Armed with rocket launchers and a flying muscle car, the Quaker City Night Hawks battle an super-sized, villainous vulture in the video for “Mockingbird.” Released today, the animated clip recasts the Ft. Worth-based musicians as a pack of superheroes, protecting the inhabitants of some Tatooine-ish planet with equal parts Bible Belt boogie and Seventies country-rock.
“I’m really into the Sci-Fi Network show Firefly,” explains singer David Matsler. “I was watching it the day I wrote the song, just digging into the idea of a futuristic, dystopian world as viewed by some southern-type character. That’s where ‘Mockingbird’ came from. Those high harmonies in the chorus almost gives it a bluegrass feel, but that guitar riff is pure hard rock. We really like having all of those influences involved.”
Already road warriors in Texas, where they’ve spent the better half of a decade carving out a sound that owes more to hairy homeland heroes like ZZ Top than clean-cut Lone Stars like George Strait, Quaker City Night Hawks made their national debut last month with the release of their full-length El Astronauta. It’s a cinematic album, referencing NASA space travel one minute and border politics the next. Directed by Charlie Terrell and illustrated by Charlo Nocete, the “Mockingbird” video adds its own inspiration to the mix, nodding to the 1981 film Heavy Metal along the way.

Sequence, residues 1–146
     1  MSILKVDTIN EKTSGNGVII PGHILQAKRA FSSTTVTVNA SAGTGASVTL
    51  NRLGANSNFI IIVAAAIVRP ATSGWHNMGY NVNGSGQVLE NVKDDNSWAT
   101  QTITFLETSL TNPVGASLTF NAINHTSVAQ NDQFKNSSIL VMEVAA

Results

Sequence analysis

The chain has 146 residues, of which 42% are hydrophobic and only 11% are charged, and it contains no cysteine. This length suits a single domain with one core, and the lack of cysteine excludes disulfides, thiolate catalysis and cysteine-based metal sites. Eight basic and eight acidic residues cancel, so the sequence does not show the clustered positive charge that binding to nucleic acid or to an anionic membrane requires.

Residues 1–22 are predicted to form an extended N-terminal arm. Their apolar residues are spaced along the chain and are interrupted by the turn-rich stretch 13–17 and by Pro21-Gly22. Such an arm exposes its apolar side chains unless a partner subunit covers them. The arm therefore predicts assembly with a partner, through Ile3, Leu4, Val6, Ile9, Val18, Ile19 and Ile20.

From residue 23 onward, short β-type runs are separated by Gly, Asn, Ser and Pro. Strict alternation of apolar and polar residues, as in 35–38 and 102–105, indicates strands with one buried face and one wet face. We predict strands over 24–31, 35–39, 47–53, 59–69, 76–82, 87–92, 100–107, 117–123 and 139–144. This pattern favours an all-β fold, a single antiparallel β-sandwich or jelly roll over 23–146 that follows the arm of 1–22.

“I’m a big fan of Harper Lee,” says Terrell, who named his daughter after the author. “I immediately thought of To Kill a Mockingbird when I heard the song title, but once I saw the album cover, I started thinking about Heavy Metal, too. I came up with this futuristic storyline that combined the two, mixed into a pot with a Sergio Leone western-type thing.”
The former son-in-law of Gram Parsons, Terrell released his own string of albums in the Nineties, beginning with a short-lived band — Terrell, named after its frontman — that logged several years on the roster of Irving Azoff’s Giant Records. Now a videographer for Top 40 artists like Rihanna and Rascal Flatts, he says he relishes the opportunity to work with an act like Quaker City Night Hawks, whose songs fly in the face of mainstream rules.
“They’re not the kind of country band that actually sounds like an Eighties pop group, singing about barns and trucks,” he explains. “These guys are like ZZ Top. They’ve got that Texas blues thing, and I love the fact that we have some young guys coming out right now, doing that Southern rock-country thing.”